This recipe was written by a former colleague of ours Karen O’Neill. Karen has moved on from Fisher & Paykel after six years as the product evaluator for cooking products. Her knowledge and experience were invaluable—we certainly learnt a lot sharing the cooking lab with Karen, and her English plumb and laugh are sorely missed around here!
Karen had a wealth of experience to draw on when it came to cooking, having trained at the Le Cordon Bleu in London doing their patisserie course, and then teaching pastry at our local polytech. Her recipes not only yield flavoursome and crowd pleasing food but are completely foolproof. Over the coming months we will be posting some of her best recipes that she worked on for the blog—definitely something for all of you to look forward to.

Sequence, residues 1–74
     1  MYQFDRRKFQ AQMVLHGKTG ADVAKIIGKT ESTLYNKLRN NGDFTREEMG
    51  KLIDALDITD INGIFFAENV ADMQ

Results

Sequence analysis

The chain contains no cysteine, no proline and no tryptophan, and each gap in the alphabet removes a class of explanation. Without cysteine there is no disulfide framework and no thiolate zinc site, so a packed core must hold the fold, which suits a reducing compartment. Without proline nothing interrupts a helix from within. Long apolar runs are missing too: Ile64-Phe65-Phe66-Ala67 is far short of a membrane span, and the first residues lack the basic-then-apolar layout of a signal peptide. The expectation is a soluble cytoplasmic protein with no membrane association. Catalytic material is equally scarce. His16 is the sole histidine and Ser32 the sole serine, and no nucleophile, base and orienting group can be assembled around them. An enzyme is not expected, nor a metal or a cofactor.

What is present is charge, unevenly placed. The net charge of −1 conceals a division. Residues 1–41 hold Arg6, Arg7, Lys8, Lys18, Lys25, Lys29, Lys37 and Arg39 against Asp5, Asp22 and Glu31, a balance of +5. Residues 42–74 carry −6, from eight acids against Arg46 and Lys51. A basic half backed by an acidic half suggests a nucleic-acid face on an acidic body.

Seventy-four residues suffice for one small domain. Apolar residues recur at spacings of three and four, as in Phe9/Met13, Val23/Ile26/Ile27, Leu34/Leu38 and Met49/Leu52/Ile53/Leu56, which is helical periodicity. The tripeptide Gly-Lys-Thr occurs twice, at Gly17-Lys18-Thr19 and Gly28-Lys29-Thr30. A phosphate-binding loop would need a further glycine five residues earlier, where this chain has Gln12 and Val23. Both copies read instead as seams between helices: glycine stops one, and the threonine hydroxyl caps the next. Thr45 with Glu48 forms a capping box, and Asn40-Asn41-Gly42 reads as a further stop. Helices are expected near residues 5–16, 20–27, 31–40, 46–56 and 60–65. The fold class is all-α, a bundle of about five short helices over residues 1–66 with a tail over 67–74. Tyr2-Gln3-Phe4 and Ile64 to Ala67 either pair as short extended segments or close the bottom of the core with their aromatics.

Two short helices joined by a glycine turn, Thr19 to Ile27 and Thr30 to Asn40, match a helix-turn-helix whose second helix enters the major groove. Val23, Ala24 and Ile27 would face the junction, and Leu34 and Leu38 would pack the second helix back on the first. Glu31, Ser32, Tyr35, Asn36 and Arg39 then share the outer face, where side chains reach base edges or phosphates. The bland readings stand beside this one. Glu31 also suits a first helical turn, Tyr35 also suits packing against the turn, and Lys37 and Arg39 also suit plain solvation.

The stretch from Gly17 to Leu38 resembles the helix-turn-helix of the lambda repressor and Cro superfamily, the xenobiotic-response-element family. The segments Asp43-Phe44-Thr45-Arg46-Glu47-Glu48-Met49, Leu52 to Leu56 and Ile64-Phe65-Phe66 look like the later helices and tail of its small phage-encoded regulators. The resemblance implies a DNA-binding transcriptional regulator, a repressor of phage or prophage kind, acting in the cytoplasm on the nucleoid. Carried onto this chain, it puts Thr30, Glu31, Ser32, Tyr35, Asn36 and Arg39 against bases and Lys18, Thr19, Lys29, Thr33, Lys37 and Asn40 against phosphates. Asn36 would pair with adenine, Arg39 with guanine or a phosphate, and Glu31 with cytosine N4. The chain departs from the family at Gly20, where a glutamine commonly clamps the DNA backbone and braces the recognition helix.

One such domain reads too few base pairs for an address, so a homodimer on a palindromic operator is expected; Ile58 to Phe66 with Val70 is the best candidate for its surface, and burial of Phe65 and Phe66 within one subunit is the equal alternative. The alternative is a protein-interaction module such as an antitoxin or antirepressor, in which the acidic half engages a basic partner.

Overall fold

“Parkin is a type of ginger cake that originated in Northern England around the 18th century. It is flavoured with ground ginger and treacle, which were both produced using slave labour in the British colonies of the Caribbean and imported into the Northern port of Liverpool. Usually it also contains oats or oatmeal which is grown in the cooler climates of Northern England and across the border in Scotland. Both treacle and oatmeal were important components of the diet of working class people of northern England in the late 18th and 19th centuries. Like most ginger cakes, Parkin stores very well and traditional recipes, that are less rich than this version, improve considerably with keeping. In many homes Parkin would have been baked in the oven with the Sunday roast and served as a treat with a compote of tart fruit, like gooseberries or cooking apples. The remainder would then be stored in a wooden ‘Parkin-box’ and taken in packed lunches for the rest of the week.”